EQT Pittsburgh Three Rivers Regatta serves as boost to city's economy
Organizers expect the EQT Pittsburgh Three Rivers Regatta to generate as much as $30 million for local businesses, making it a powerful economic engine among Western Pennsylvania's signature annual events, but it has challenges to remain a top draw.
The three-day affair — billed as the nation's largest inland regatta — shrank after a theft scandal and public funding largely dried up, forcing organizers to lean heavily on private donors to underwrite powerboat races, music and a range of exhibitions and activities in and around Point State Park.
“Most people think we're flush with cash, but we're a nonprofit that operates on pretty thin margins,” regatta board Chairman John Bonassi said.
Bonassi called it “remarkable” that the event remains as large as it does.
In years past, when the regatta was held over as many as 10 days, it secured up to $500,000 annually in state money. Last year, state aid dwindled to $50,000. This year, the regatta won't receive money from Harrisburg for the first time in memory, Bonassi said.
Allegheny County contributed a $50,000 grant that will pay for fencing, signs and security — the only public money for the event.
“We'd be happy to accept funds from the state, but they have gone through some belt-tightening, and we understand that,” Bonassi said.
He'd like for the regatta to partner with the Three Rivers Arts Festival and First Night to make a joint push for state money to support all three events.
“We're open to any partnership that could result in additional funding,” said Shaunda Miles of the Pittsburgh Cultural Trust, a spokeswoman for the latter events.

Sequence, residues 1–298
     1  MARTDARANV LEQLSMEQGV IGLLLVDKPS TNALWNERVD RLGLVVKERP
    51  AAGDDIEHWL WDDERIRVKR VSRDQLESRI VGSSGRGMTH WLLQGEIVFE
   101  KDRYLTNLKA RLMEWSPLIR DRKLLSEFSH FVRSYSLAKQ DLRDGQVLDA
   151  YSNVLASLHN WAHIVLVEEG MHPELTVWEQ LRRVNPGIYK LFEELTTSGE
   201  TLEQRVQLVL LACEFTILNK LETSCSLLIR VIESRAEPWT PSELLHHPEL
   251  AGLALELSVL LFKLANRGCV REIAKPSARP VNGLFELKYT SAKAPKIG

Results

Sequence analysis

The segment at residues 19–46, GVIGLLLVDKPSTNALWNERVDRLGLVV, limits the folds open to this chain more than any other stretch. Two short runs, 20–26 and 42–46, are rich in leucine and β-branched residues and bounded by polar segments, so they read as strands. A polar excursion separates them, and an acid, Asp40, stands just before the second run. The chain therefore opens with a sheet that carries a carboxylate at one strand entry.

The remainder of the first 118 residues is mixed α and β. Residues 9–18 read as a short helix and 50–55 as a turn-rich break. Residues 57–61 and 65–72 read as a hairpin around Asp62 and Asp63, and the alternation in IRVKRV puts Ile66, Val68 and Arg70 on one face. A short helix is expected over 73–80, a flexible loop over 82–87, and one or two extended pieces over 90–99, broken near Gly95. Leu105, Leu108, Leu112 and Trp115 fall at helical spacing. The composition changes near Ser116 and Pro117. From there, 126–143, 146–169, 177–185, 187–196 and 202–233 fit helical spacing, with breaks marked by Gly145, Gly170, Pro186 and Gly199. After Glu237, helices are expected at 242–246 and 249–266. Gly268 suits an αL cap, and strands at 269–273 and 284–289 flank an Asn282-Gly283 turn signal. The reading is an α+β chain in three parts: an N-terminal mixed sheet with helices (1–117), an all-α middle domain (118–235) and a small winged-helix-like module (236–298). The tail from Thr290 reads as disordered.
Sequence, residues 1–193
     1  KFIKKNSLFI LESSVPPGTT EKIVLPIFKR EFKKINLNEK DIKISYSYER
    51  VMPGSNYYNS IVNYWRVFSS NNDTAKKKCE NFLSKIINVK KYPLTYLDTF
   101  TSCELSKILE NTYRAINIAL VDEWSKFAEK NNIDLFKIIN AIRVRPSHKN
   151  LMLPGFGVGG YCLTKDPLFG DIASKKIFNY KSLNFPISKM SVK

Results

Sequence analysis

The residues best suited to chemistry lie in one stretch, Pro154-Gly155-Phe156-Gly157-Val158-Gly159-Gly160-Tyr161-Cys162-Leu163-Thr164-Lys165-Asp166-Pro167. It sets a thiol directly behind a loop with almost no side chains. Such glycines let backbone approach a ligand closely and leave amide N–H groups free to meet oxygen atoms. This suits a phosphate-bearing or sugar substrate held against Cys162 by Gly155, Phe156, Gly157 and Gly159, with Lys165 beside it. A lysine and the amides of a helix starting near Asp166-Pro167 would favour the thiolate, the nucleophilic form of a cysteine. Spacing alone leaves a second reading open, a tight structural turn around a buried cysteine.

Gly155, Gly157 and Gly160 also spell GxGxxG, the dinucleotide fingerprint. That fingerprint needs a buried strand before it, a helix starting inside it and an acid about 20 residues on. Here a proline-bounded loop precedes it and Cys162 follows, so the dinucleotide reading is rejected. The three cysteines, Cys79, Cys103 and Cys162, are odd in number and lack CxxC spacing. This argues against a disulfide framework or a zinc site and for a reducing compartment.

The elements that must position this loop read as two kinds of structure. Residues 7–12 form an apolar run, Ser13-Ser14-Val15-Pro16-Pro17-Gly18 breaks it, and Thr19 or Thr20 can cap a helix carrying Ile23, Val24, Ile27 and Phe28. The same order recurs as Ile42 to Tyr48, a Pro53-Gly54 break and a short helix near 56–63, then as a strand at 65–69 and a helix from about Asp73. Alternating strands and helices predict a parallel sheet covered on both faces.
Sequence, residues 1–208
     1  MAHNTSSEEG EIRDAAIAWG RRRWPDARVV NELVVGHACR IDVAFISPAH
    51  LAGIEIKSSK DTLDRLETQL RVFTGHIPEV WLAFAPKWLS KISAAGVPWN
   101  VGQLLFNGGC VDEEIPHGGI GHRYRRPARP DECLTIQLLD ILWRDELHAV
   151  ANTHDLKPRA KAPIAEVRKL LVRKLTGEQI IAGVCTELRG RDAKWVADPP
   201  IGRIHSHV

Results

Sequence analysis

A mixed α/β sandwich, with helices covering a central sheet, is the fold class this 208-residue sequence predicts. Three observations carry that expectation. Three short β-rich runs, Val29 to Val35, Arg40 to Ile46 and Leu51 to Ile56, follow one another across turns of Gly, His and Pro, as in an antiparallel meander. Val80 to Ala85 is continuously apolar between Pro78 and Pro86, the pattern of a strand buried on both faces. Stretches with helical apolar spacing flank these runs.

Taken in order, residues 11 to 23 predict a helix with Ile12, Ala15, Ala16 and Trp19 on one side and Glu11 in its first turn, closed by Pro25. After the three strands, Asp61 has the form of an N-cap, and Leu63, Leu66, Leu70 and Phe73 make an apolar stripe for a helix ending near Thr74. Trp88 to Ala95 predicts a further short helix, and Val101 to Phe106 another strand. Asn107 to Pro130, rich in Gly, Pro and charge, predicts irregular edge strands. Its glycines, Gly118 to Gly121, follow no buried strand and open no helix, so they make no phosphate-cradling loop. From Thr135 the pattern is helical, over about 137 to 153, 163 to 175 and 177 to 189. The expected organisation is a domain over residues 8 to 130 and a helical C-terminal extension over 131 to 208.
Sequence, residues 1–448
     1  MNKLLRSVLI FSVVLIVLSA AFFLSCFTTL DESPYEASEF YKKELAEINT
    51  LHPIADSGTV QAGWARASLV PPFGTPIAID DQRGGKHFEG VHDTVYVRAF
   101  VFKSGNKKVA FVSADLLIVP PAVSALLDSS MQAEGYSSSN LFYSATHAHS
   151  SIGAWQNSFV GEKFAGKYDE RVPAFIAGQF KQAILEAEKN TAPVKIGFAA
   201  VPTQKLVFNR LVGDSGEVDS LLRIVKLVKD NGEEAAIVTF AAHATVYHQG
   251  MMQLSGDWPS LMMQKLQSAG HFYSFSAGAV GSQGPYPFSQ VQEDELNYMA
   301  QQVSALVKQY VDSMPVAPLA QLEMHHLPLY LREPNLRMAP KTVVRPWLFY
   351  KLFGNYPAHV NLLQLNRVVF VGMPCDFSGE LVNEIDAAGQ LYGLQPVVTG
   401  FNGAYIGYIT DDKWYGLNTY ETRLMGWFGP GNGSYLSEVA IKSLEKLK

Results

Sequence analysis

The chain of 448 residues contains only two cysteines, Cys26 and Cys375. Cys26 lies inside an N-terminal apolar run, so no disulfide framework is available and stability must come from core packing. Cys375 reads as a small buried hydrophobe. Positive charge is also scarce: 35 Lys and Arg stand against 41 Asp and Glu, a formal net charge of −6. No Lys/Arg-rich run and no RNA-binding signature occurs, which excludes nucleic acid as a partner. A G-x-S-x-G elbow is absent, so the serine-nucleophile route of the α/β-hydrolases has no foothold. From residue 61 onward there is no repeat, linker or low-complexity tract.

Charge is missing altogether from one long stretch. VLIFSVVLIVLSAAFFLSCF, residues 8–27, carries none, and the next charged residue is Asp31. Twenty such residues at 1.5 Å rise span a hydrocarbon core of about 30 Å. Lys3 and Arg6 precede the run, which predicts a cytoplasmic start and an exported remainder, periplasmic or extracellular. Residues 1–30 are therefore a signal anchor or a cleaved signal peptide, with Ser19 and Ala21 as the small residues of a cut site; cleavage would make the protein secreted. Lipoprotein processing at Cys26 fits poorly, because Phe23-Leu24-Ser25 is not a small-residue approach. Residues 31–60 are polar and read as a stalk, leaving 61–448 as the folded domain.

The regatta costs $700,000 to $1 million each year, Bonassi said. Major donors this year include Downtown energy company EQT Corp., Rivers Casino on the North Shore, the Downtown-based Colcom Foundation and Trib Total Media.
“We face three challenges virtually every year: How do we keep the event absolutely safe and secure, how do we keep it free, and how do we attract new sponsors to keep it safe and free?” Bonassi said.
The regatta is no stranger to financial trouble.
After the 1997 event, the regatta had a $750,000 deficit and scandal.
Former regatta staffer Ida D'Errico blew the whistle on founder Eugene F. Connelly for misusing more than $200,000 in regatta money. Connelly pleaded guilty and was sentenced to six months in federal prison. He died in 2009.
Regatta board members hired businessman Jim Roddey, who later became the first Allegheny County executive, to overhaul the event.
“It was a real mess. Somehow, we managed to save it and get it back on track,” Roddey said. “The difference today is that it's solvent, and nobody is stealing money.”
But four years later, with D'Errico as executive director, the regatta nearly went under again when several major sponsors pulled their support months before the event. Corporate donations and state funding kept it afloat.
The regatta, traditionally held in August, moved to the first week of July in 2004 so it could take over the cash-strapped city's annual fireworks display. The state declared Pittsburgh financially distressed in December 2003.
Roddey said he believes the scheduling change “really kept the regatta viable.”
Although it used to draw 1.5 million people and generated an estimated $60 million for the local economy when spread over up to 10 days, Roddey said, “These are different times. I do think as long as you can draw 400,000 to 600,000 people, you will continue to attract sponsors.”
D'Errico, no longer associated with the event, agreed.
“It's always a challenge to raise funds, but the regatta is so unique to our region. It's certainly evolved and changed a bit, but that's OK. It keeps the event fresh,” D'Errico said.
Tom Fontaine is a Trib Total Media staff writer.
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